LOS ANGELES—A former Industry city manager charged along with three other people in an alleged corruption scheme pleaded not guilty today to a felony count of misappropriation of public funds.
Paul Jule Philips, 70, is due back in a downtown Los Angeles courtroom Sept. 22 for the start of what could be a two-month hearing to determine whether there is sufficient evidence to allow the case against him to proceed to trial.
Outside court, his attorney Steve Cooley—a former Los Angeles County district attorney—said his client “looks forward” to the hearing.
Philips has “left his position” as the city manager of Bell, effective Thursday, based on “mutual agreement,” according to a statement issued by the city, which noted that the criminal case does not involve his service with the City of Bell or that city in any way.
“The city has no evidence of any wrongdoing by Mr. Philips in the City of Bell. Nevertheless, it was concluded that it is in the best interest of both parties for Mr. Philips to be separated from the city so he may focus on conducting a vigorous defense of the charge. Accordingly, the council approved a separation agreement and waiver of claims,” according to the city.
Bell Mayor Alicia Romero said in the statement that “the [city] council feels this action is in the best interest of the city and its residents.”
“… We were generally happy with Mr. Philips’s services but his legal situation is a distraction and creates distrust and controversy in the community which is disruptive to the things we are trying to accomplish,” the mayor said.
Philips was charged Aug. 24 along with former state Sen. Frank Hill (R-Whittier), 67; La Jolla-based developer William Barkett, 63; and attorney Anthony Bouza, 60.
Hill, who also served in the state Assembly, and Barkett made their first court appearances Tuesday, but their arraignment was postponed until Oct. 27.
Hill is charged with two counts of having a financial interest in a contract or purchase made in an official capacity, while Barkett is charged with one count each of misappropriation of public funds, embezzlement, money laundering, and grand theft.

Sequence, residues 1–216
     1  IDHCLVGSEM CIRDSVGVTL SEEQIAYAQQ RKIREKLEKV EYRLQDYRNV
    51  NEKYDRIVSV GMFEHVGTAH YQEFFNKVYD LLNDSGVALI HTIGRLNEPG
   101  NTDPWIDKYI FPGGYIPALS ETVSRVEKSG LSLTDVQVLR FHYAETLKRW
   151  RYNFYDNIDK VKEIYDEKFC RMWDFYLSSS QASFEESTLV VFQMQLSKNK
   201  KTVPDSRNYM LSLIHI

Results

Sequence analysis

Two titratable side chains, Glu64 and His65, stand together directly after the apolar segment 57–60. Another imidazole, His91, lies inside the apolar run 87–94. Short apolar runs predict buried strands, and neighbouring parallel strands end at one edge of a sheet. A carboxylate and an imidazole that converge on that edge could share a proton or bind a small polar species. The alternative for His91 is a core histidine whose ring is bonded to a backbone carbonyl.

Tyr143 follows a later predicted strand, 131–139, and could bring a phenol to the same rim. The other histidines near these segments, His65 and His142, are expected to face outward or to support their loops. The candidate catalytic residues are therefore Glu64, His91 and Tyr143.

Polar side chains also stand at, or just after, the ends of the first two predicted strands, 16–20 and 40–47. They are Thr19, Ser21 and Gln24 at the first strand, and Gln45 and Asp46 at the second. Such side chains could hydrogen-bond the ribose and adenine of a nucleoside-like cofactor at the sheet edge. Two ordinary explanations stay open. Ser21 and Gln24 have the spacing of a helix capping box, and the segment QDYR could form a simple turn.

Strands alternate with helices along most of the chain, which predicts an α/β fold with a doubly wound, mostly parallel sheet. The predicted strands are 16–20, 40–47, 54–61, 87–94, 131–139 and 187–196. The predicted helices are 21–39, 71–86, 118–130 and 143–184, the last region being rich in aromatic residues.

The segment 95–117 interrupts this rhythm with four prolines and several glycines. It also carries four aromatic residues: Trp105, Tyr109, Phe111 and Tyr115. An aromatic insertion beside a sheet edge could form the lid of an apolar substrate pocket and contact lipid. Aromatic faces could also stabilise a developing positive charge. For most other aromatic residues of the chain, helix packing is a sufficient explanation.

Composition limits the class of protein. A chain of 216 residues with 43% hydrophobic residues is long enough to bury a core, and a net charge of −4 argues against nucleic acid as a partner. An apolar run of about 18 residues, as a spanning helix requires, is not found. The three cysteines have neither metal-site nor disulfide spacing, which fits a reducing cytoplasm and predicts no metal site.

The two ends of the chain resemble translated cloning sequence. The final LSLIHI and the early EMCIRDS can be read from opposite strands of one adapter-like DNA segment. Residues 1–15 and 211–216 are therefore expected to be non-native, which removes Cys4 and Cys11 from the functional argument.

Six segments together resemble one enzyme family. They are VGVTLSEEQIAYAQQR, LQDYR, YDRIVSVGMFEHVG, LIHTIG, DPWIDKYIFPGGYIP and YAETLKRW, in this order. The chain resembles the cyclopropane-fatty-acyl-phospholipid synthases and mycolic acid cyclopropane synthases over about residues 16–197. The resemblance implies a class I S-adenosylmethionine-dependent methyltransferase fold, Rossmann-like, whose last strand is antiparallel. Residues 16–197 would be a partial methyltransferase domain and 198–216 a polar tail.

Bouza is charged with one count of misappropriation of public funds and eight counts of having a financial interest in a contract or purchase made in an official capacity. His arraignment is still pending.
The case stems from the alleged embezzlement and misappropriation of millions of dollars that was to be used to study whether a solar farm was suitable on land to be bought by the City of Industry, according to the Los Angeles County District Attorney’s office.
“Public corruption erodes the trust of our citizenry and hampers progress. There is no place for it in Los Angeles County,” District Attorney George Gascon said in a statement last week announcing the charges.
The City of Industry entered into a land lease agreement between 2016 and 2018 with San Gabriel Valley Water and Power LLC—which was owned by Barkett—to examine a potential solar farm and agreed to advance certain costs that had to be repaid if construction began.
Phillips and Bouza, an attorney hired by the city and a private contractor who allegedly helped draft an agreement, handled the funds, according to the District Attorney’s office.
Roughly $20 million in public funds was allegedly routed to an account controlled by Barkett during that time, in which some of the money was paid to other vendors and about $8.3 million was allegedly spent by Barkett on personal items, according to prosecutors.
Bouza and Hill are accused of having a financial conflict of interest when they allegedly drafted or influenced contracts with the city, according to the District Attorney’s Office, which noted that the case remains under investigation.
In a statement obtained by the San Gabriel Valley Tribune, Mayor Cory Moss said, “For years, the city has alleged that [San Gabriel Valley Water and Power] and related parties submitted false and fraudulent invoices to the city for work that was never performed. It is my hope that the matter moves swiftly and that those who are responsible for this misuse of taxpayer funds are brought to justice.”
A civil case brought by the city—in which former Orange County District Attorney Tony Rackauckas is representing Hill—is still pending, the newspaper reported. Rackauckas is also representing Hill in the criminal case.
Hill served a 46-month prison sentence for his 1994 conviction on federal extortion and money laundering charges stemming from a $2,500 payment he took from federal undercover agents in an FBI sting operation.